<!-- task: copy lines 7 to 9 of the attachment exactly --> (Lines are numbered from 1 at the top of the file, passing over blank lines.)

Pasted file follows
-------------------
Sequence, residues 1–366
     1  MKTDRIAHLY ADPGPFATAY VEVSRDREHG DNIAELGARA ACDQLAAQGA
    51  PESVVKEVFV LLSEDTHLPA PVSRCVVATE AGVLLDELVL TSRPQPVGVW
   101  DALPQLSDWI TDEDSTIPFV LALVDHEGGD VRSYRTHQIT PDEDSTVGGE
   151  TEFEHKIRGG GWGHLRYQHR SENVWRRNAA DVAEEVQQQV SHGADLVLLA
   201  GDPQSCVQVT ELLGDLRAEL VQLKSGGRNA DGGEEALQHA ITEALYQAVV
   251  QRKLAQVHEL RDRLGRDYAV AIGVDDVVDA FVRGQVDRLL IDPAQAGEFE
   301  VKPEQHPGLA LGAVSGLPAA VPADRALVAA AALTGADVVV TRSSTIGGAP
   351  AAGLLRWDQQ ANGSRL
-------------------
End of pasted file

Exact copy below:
   251  QRKLAQVHEL RDRLGRDYAV AIGVDDVVDA FVRGQVDRLL IDPAQAGEFE
   301  VKPEQHPGLA LGAVSGLPAA VPADRALVAA AALTGADVVV TRSSTIGGAP
   351  AAGLLRWDQQ ANGSRL